2 2 3.5 1.70 880 44 560 20 1495 1492 1502 *
3 3 5.0 1.70 900 44 560 20 1550 1541 1551 *
4 4 5.5 1.50 940 39 560 30 1603 1595 1605 *
5 5 10.0 1.80 940 39 550 80 1598 1595 1605 *
6 6 6.4 1.40 950 37 560 30 1652 1549 1659 *
7 7 6.4 2.50 1050 65 560 30 1705 1703 1713 *
8 8 5.5 1.70 900 25 560 30 1555 1552 1562 *
9 9 5.5 1.30 940 25 560 30 1597 1590 1600 *
10 10 5.5 1.30 940 30 560 30 1650 1649 1659 *
11 11 5.5 1.60 950 30 560 30 1547 1541 1551 *
21 21 5.5 1.20 880 8 560 20 1432 1455 1465 **
22 22 5.5 1.20 1060 31 560 20 1709 1708 1718 **
23 23 5.5 1.30 880 34 560 20 1503 1498 1508 **
24 24 5.5 1.60 880 42 560 20 1510 1503 1513 **
25 25 5.5 1.10 880 29 560 9 1498 1492 1502 **
26 26 5.5 3.00 890 80 560 30 1513 1509 1519 **
27 27 5.5 1.40 950 37 560 30 1550 1541 1551 **
28 28 5.5 1.60 950 42 565 20 1480 1541 1551 **
29 29 5.5 1.20 940 31 560 20 1613 1611 1621 **
30 30 5.5 1.30 940 34 560 20 1619 1617 1627 **
31 31 5.5 1.40 960 37 560 20 1710 1703 1713 **
32 32 5.5 1.80 950 47 560 30 1601 1595 1605 **
33 33 5.5 1.80 950 47 560 30 1600 1595 1605 **
34 34 5.5 1.10 840 29 560 90 1487 1498 1508 **
35 35 5.5 1.40 960 37 545 40 1593 1568 1578 **
36 36 5.5 2.00 900 52 560 20 1535 1530 1540 **
37 37 5.5 1.40 1000 10 570 20 1558 1563 1573 **
38 38 5.5 1.30 950 10 550 20 1312 1596 1606 **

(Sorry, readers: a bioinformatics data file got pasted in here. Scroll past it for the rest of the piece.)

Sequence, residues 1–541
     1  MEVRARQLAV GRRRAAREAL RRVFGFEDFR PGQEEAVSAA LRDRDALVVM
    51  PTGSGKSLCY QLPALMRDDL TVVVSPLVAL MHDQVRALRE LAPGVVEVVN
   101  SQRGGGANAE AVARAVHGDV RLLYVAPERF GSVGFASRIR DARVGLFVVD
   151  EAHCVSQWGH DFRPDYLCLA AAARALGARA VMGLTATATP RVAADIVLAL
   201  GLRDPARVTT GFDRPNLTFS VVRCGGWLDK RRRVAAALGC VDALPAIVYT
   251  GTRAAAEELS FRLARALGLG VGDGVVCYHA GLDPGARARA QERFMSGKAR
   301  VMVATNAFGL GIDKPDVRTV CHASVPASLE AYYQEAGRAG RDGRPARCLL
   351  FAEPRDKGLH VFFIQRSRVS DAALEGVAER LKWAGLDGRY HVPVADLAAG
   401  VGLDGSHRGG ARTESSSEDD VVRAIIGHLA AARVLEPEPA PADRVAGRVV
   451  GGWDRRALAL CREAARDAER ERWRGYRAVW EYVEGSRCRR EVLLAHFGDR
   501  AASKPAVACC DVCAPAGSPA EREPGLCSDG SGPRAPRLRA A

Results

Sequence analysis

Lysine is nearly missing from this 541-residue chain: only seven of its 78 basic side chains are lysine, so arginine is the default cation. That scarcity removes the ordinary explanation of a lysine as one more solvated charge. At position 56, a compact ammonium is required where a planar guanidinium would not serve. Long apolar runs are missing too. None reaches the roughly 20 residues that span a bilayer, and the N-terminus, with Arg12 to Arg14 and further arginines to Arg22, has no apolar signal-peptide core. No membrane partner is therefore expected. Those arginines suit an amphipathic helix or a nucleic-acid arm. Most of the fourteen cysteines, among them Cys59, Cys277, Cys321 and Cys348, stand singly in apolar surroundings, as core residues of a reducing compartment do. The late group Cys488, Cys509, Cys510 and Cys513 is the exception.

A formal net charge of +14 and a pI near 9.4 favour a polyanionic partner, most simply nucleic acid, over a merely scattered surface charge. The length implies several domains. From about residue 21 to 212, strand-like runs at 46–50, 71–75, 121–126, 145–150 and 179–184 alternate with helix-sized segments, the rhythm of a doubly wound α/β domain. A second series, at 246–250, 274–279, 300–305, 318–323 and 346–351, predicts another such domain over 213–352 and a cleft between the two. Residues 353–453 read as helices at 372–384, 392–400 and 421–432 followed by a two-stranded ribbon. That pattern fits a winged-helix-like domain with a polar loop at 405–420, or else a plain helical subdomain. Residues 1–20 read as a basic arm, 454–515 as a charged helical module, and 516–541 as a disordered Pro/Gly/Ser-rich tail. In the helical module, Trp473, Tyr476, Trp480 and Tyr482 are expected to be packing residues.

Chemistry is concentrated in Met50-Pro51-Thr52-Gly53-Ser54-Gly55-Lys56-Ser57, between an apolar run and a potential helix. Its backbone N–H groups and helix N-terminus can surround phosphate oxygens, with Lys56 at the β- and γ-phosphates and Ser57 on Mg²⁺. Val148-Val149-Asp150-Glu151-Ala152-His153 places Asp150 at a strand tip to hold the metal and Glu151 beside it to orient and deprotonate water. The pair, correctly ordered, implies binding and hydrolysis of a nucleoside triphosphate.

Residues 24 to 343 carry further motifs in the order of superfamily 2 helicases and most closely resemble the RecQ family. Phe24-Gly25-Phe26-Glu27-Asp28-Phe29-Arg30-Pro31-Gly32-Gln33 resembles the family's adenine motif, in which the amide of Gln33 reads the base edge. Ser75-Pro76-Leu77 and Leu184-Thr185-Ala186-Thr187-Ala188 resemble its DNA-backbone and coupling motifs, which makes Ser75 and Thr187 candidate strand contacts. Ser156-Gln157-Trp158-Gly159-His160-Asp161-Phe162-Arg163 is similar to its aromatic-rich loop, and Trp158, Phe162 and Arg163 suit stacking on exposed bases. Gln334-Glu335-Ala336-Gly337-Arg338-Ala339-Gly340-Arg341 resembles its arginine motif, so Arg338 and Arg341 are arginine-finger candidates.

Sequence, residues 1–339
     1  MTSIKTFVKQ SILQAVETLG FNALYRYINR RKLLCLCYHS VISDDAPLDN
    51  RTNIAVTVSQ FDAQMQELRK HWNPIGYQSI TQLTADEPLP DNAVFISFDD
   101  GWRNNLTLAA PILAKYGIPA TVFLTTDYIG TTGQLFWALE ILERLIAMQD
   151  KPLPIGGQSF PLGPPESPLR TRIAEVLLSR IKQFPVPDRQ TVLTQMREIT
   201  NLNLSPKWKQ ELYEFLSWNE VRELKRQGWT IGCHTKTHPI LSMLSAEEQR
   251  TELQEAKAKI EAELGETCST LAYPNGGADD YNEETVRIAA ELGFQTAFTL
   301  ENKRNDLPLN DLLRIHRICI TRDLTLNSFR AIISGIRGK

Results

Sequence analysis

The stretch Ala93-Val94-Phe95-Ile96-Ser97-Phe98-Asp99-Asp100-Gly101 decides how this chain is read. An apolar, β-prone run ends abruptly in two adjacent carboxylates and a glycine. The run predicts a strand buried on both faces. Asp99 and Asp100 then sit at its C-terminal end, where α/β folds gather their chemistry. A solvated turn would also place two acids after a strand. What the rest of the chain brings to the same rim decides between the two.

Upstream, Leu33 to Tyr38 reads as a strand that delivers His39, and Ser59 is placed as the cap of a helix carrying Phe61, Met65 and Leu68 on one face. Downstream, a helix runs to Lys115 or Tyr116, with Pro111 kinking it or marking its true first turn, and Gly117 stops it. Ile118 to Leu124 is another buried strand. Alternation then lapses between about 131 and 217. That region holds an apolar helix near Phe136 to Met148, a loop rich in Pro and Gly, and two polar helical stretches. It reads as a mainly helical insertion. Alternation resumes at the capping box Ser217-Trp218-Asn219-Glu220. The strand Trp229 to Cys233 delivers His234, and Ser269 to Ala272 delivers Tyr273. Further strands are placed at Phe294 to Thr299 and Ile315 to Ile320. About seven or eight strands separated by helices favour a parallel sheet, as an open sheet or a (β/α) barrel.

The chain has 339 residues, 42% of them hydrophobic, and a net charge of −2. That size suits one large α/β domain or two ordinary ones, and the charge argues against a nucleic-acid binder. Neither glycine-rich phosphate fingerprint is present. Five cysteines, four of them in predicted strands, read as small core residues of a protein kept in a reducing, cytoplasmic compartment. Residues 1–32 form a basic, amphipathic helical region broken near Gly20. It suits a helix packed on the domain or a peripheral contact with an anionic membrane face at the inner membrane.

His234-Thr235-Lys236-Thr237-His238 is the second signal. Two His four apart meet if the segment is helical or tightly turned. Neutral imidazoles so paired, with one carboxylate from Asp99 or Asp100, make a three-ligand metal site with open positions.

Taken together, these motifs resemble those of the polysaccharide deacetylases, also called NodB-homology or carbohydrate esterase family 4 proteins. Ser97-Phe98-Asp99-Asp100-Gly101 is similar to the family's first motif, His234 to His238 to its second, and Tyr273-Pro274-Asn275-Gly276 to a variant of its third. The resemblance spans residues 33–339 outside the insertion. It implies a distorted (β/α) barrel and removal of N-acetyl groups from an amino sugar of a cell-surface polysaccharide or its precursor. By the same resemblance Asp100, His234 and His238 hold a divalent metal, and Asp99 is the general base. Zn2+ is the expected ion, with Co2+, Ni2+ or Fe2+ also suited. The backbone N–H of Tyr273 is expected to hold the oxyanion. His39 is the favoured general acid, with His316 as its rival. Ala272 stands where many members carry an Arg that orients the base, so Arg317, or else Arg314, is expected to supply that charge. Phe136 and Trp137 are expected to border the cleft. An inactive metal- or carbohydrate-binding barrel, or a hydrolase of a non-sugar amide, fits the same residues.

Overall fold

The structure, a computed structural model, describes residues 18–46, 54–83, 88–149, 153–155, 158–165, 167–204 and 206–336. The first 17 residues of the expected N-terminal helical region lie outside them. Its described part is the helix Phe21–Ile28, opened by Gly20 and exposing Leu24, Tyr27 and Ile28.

39 39 5.5 1.15 1000 10 570 20 1590 1627 1637 **

TABLE 3
Dia. Properties,
of Properties, initial 30 days later
pat- Dia. of TEM TS (MPa) Longi- Longi-
Sam- ented finished Lubri- Drawing diffrac- Low- Up- No. tudinal No. tudinal
ple Steel wire wire True cating conditions tion Meas- er per of crack- TS of crack-
No. No. (mm) (D mm) strain film (1) (2) (3) (4) DxV pattern ured limit limit twists ing MPa twists ing
1 1 1.00 0.15 3.79 brass 200 halo 4673 4608 4874 28 none 4680 25 none
2 2 1.70 0.20 4.28 brass 200 halo 4513 4420 4669 29 none 4650 27 none
3 3 1.70 0.25 3.83 brass 200 halo 4420 4279 4427 35 none 4426 33 none
4 4 1.50 0.30 3.22 Cu 200 halo 4250 4168 4255 30 none 4253 28 none
5 5 1.80 0.40 3.01 brass 150 halo 4071 3997 4084 35 none 4083 30 none
6 6 1.40 0.25 3.45 brass 150 halo 4329 4279 4333 36 none 4321 30 none
7 7 2.50 0.40 3.67 Ni 150 halo 4010 3997 4032 33 none 4026 24 none
8 8 1.70 0.20 4.28 brass 100 halo 4424 4420 4552 39 none 4531 18 none